Effective Monday, New York mayor Bill de Blasio has implemented a four-point construction crane safety plan as a result of Friday's incident. The plan includes placing new restrictions on crawler cranes during windy conditions, doubling fines for equipment operators who don't follow safeguards, increasing attention to pedestrian safety near crane sites, and better notifying buildings located near cranes.
The new rules require crawler cranes to stop operating and go into safety mode when:
- There is a forecast for steady wind speeds of 20 miles per hour or higher or gusts of at least 30 m.p.h.
- When actual readings reach those levels.
Previously, cranes could operate until measured wind speeds reached 30 m.p.h. or gusts increased to 40 miles-per-hour.
"If at the end of one workday there is a forecast for these kinds of wind levels the next workday, we will require that the crane be put into secure mode the day before,” Mr. de Blasio said. The fine for failing to take appropriate precautions would be increased to $10,000 from $4,800.
The new safety procedures also require operators to notify nearby businesses and residents before the crane is moved for any reason. Police officers will now help enforce sidewalk and street closures when cranes are in use. City officials say the new rules are temporary and will be in force until a task force deliberates on long-term policies.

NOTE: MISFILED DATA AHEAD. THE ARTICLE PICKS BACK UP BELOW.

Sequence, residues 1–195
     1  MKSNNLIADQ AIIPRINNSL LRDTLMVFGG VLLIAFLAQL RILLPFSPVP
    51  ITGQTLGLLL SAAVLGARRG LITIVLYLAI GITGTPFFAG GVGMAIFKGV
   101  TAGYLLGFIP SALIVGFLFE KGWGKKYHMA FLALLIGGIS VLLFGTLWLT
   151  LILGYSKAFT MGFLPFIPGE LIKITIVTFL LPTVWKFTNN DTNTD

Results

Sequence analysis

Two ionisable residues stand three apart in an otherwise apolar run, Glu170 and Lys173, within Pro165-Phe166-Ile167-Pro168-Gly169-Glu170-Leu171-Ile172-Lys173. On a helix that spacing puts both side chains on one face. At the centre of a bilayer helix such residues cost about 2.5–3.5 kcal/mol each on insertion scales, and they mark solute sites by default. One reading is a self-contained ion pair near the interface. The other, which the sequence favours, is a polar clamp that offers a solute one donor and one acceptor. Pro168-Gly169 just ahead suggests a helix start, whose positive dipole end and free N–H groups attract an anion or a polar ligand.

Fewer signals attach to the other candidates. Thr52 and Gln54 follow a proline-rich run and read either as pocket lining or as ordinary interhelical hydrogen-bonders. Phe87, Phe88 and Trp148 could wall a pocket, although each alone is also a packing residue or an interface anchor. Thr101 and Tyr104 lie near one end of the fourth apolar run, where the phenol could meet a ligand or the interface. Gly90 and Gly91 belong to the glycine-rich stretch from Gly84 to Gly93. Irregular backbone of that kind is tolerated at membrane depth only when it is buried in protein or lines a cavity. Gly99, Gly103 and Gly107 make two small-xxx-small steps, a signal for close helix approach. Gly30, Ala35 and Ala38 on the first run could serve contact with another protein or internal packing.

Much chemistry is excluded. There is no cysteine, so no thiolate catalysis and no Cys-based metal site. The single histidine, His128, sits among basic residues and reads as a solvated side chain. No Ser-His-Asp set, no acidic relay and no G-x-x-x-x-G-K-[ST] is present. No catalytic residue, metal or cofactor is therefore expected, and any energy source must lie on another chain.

NYC has been criticized for its slow response to recommendations from a study commissioned to improve work site safety. Shortly after Friday's crane collapse, NYC Comptroller Scott Stringer released an audit that found the Department of Buildings has adopted very few of the recommendations submitted.
The crane in last Friday's accident was reportedly owned by Bay Crane and operated by Galasso Trucking and Rigging. It had been inspected by the Department of Buildings the day prior to the collapse.
Source: New York Times; AP